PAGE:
Healthcare organizations have long been searching for ways that healthcare technology can help them innovate and provide better outcomes. A particular challenge is the paper patient files that doctors and hospital staffs create, which no longer comply with trends in the healthcare IT market.
The key to transforming healthcare organizations from paper-based to paper-less is Electronic Medical Records, EMR.
Simply put, EMR is a computer-based patient medical record. If you visit a physician and he or she writes notes on a piece of paper stored in a folder, that's helpful only if the paper is present every time you are treated. If those notes are entered into an electronic system, it can be accessed and used by many providers and staff from different locations. Electronic records are normal for many industries, but healthcare applications require special functions and safeguards that have made industry-wide change-over something of a challenge.
The record, and related software, facilitates the following tasks:
- Easy access to patient data by the clinical staff at any location
- Automated checks for drug and allergy interactions
- Clinical notes
- Retrieval and archiving of laboratory reports and other test results
- Scheduling of patient visits
- Claims processing by insurance companies
EMR helps doctors ask relevant questions, and follow-up on points from earlier visits. It allows healthcare organizations to more reliably ensure that patients are receiving only relevant treatments and tests. EMR systems can actually do more than just store data – they can facilitate ordering of lab tests and electronic prescriptions.
Hospitals have led the way in EMR. Over the last 20 years, medical institutions have encouraged the shift towards computerization to help manage patient information. Another itiration of this IT trend in medical care is Advanced Remote Patient Monitoring Systems.
EMR's Growing Market Footprint
Most hospitals use EMR systems, and a variety of vendors including large IT companies such as McKesson and Cerner and smaller companies such as NextGen, eMDs and Epic. These and scores of other companies compete in a market to service hospitals and physicians. Kalorama Information has valued that market at over 20 billion dollars when software and related services are considered.
But a lot of that market represents hospitals with IT budgets to pull off an institutional change. The largest obstacle to a paperless healthcare system has thus far been the individually practicing physician. While many physicians have embraced healthcare technology, it's taken some time to get a substantial amount of the profession behind the trend. Since physician offices represent nearly half of healthcare establishments, that's a big part of the system still using a lot of paper records.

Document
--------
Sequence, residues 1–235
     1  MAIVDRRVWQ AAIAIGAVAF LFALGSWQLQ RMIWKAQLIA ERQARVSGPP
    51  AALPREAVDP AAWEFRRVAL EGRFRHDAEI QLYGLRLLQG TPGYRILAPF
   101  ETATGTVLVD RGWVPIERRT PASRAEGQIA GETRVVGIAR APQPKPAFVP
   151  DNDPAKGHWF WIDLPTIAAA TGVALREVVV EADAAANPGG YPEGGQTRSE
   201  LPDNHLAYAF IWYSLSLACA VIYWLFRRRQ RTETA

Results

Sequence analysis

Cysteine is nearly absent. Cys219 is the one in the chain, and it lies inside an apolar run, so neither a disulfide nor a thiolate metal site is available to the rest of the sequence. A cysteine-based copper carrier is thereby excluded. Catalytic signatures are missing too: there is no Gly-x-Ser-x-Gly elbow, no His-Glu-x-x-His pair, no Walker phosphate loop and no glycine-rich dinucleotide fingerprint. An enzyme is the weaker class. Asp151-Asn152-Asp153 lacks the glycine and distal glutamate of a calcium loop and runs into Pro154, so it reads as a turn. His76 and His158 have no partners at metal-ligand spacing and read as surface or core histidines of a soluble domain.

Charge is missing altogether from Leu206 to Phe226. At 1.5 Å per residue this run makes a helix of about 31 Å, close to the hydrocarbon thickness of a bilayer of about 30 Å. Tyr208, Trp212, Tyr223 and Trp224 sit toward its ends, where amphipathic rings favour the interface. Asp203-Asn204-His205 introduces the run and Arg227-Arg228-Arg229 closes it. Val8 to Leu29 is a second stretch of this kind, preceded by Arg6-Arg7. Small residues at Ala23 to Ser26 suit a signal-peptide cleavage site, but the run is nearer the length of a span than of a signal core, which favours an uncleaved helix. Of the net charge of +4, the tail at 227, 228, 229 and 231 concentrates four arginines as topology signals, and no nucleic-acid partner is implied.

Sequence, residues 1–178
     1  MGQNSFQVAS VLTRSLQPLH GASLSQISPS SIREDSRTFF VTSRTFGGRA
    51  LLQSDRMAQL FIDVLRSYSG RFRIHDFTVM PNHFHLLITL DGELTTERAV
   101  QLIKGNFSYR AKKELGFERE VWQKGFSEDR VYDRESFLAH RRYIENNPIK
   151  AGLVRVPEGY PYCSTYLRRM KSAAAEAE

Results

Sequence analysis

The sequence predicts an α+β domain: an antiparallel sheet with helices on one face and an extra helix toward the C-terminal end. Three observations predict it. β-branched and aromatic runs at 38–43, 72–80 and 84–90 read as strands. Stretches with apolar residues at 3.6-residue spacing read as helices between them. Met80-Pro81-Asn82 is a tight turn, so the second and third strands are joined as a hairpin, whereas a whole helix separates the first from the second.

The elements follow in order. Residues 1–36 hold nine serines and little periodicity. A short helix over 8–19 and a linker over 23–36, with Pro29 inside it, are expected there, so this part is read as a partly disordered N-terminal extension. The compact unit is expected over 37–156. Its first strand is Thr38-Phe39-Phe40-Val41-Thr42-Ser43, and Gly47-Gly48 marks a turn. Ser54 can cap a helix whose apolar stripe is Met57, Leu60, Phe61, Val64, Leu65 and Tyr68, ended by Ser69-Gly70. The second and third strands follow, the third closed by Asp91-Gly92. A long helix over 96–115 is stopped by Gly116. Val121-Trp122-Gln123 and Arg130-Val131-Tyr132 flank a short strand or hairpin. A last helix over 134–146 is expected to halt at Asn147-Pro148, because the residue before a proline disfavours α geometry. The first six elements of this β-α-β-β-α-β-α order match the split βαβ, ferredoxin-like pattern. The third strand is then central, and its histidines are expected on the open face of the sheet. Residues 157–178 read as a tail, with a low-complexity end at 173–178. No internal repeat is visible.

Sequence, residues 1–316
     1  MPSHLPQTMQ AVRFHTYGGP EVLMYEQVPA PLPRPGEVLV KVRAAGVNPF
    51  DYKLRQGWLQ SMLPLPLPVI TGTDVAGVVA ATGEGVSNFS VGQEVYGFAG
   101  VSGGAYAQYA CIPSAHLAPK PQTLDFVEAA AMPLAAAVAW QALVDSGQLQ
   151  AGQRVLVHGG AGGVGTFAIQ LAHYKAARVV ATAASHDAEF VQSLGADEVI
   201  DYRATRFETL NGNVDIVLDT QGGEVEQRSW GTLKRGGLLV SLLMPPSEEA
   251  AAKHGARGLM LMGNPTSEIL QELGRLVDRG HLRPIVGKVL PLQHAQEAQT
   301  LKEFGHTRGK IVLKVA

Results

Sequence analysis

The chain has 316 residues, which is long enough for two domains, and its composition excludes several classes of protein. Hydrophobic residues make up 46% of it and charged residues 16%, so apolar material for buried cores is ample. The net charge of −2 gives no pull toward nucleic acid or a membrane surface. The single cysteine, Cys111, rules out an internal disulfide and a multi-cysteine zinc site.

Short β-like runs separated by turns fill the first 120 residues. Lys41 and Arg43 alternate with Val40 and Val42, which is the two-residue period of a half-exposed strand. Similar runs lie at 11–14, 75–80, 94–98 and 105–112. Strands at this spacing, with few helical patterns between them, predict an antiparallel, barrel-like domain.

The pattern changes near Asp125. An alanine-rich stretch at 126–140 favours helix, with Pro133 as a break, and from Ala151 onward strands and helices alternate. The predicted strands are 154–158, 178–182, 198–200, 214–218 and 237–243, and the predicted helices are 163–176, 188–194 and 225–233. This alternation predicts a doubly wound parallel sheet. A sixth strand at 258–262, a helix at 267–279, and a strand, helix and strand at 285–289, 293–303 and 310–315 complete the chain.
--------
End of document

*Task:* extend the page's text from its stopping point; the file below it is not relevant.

Thus in 2009, as part of the American Recovery and Reinvestment Act (ARRA), sometimes known as the stimulus bill, a provision was included to provide 20 billion dollars of incentives for physicians who use EMR rather than paper. The incentives are provided in the form of extra Medicare or Medicaid reimbursement payments. There's a catch though: physicians must do more than simply buy the systems, they have to demonstrate that they've used EMR in a meaningful way.
Benefits of EMR
Among the steps are: entering a certain percentage of patient records, ordering a defined percentage of prescription through an EMR system, providing some patients access to their records, and other conditions.
To some degree, the incentives are working.
Statistics from the National Ambulatory Medical Care Survey (NAMCS) indicate that 71.8% of the office-based physicians used partial or full EMR systems in 2012, a 26% increase from the 57% reported in 2011.
The results are reason to be sanguine. However, it is important to emphasize that the paper records are here to stay for a considerable period along with electronic records. Most health systems use a combination of electronic medical records and paper charts, and it may take a decade or more before the written records become completely obsolete.
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